By Chinedu Eze
Human rights activist and Head of Agbakoba and Associates, Olisa Agbakoba, has said that foreign airlines enjoy preferential treatment in Nigeria, expressing concern that this tends to infringe on regulations that guide the operations in the country.
He also noted in a statement made available to THISDAY that the international carriers capitalise on loopholes created by Bilateral Air Service Agreement (BASA) which their countries signed with the Federal Government.
“Many aviation analysts and stakeholders in the Aviation sector blame the audacity of foreign airlines to commit infractions on the preferential treatment they enjoy. The foreign operators have long capitalized on the loopholes created by the BASA (Bilateral Air Services Agreement) to gain economic power; this has led to an ability to challenge the authority or regulators.”
Agbakoba regretted that since the demise of Nigeria Airways Limited (NAL), other Nigerian carriers play second fiddle on international routes, thus giving the foreign carriers the opportunity to dominate international air transport from Nigeria.
“Since the death of Nigeria Airways, Nigerian operators play second fiddle in the global airline business. A Central Bank of Nigeria of Nigeria (CBN) report showed that all the foreign airlines operate more than 200 weekly flights into Nigeria with Arik playing a nominal role. The major international airlines repatriated over N200 billion in one year.”
Agbakoba said that to stem this unfavourable situation, there was the need to introduce Aviation Cabotage, which will make it compulsory for Nigerians and others traveling on government expense to patronise Nigerian airlines, except when Nigerian carriers or their partners are not traveling to that destination.
“There is need to introduce Aviation Cabotage; a framework that will trap and keep these resource flights without necessarily hampering Nigeria's international aviation obligations. It is therefore recommended that a National Aviation Reform project should incorporate wide range policies including development of regulations, legal frameworks and infrastructures.”
He said that one of the required legal framework is the FLY NIGERIA BILL similar to (FLY AMERICA Regulation) which when passed would require Federal employees, dependents, consultants, contractors, grantees, and other persons performing Nigeria government financed air travel to travel Nigeria carriers.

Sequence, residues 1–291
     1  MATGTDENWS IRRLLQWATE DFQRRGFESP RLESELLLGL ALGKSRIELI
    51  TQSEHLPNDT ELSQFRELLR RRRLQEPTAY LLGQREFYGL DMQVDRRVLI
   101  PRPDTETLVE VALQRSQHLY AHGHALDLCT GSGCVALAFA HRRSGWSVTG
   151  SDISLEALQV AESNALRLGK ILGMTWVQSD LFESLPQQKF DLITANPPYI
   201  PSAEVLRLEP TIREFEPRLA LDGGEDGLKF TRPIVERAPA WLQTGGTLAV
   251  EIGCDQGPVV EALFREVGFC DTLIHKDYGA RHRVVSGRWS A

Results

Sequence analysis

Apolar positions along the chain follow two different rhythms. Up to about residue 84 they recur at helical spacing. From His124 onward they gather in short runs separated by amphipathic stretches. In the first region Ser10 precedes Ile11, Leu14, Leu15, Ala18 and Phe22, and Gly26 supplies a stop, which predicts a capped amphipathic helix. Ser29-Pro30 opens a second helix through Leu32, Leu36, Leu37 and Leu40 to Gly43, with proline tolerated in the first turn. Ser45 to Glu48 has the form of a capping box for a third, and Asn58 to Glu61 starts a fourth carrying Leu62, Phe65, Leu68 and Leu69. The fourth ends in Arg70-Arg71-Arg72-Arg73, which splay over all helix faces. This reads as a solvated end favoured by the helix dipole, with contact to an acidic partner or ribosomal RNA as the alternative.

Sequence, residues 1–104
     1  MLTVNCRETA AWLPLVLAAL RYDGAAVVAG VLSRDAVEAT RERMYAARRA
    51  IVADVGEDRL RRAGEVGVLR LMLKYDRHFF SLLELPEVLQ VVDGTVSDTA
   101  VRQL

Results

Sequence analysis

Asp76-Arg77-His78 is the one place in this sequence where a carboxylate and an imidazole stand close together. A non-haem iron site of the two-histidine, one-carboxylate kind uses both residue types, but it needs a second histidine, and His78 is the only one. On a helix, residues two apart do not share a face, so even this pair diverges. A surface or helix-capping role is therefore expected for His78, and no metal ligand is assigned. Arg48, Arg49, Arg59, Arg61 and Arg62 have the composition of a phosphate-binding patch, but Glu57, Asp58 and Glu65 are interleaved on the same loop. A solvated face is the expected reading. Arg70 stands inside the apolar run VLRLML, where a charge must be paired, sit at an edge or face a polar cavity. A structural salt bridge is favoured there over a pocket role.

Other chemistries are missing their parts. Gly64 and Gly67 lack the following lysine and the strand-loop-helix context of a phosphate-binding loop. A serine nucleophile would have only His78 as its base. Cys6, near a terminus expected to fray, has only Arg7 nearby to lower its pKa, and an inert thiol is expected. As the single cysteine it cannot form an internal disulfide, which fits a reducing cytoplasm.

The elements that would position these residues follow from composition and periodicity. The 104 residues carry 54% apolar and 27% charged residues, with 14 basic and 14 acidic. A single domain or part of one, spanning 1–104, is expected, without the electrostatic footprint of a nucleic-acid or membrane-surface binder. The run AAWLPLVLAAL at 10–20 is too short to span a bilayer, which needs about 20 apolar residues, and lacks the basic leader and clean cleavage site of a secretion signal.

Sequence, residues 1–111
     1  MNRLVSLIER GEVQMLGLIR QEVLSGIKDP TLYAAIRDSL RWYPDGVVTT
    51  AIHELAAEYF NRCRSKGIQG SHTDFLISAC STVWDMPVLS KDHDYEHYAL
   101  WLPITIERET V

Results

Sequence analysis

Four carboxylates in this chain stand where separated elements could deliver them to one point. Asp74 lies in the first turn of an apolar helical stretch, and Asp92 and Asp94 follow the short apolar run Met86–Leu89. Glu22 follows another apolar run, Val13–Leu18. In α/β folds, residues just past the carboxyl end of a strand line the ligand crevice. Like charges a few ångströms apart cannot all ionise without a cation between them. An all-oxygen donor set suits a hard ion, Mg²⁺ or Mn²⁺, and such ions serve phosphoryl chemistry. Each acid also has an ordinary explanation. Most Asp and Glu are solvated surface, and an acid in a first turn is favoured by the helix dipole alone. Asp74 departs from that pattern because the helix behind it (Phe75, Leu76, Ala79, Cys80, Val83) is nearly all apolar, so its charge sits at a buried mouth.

The Fly Nigeria Act, he said, would make it mandatory for Federal Government employees, consultants, contractors, and other public officers embarking on a government sponsored trip to use a Nigerian registered airline when one is available on that route.
This, he said, would lead to expansion of airline operations which in turn would create jobs as more personnel would need to be employed.
He remarked that support for Aviation Cabotage would increase airlines revenue, encourage code share and interlining operations between Nigeria registered and foreign airlines.
It will also increase contribution to the Gross Domestic Product of Nigeria; increase in adequate international traffic which would lead to an increase in revenue which in turn would lead to an expansion in airplane fleets as well as a general modernization of the industry, he said.
Agbakoba added that this would also attract partners for abroad routes expansion programme, observing that this would encourage aviation manpower development through retention of human resources who are being poached from Nigeria with higher salary offers by the Middle East and Europe.
He said that this would necessitate infrastructural development and improvement to meet operating requirements.
Fly Nigeria Act, the eminent lawyer observed would protect the local aviation market, remarking that such protection may come in the form of restriction of the frequency of flights allocated to foreign carriers, multiple entry Points etc.
On fare disparity by foreign carriers, he said that the recent ultimatum given to British Airways, Virgin Atlantic Airways and all international airlines operating in the country to dismantle the regional fare imbalance between what Nigerian passengers pay for international flights and their counterparts in the West African sub-region or face a ban from operating in Nigeria, was a step in the right direction.
“While we agree with the Minister of Aviation that Nigerian passengers do not deserve this kind of exploitation and commend the actions of the Federal Government, we encourage the Nigerian Government to take a further step and introduce a policy dissuading Nigerians from flying these international airlines through the passage of The Fly Nigeria Bill. The Fly Nigeria Bill will ensure that all Federal employees and their dependents, consultants, contractors, grantees, and others performing government financed foreign air travel by Nigerian air carriers. A lot of the passengers who fly these international airlines fall into this category.”
He stressed that an immediate passage of the Fly Nigeria Bill will utilise market forces to trap and keep these resource flights within Nigerian airlines without necessarily hampering Nigeria’s international aviation obligations in the long run.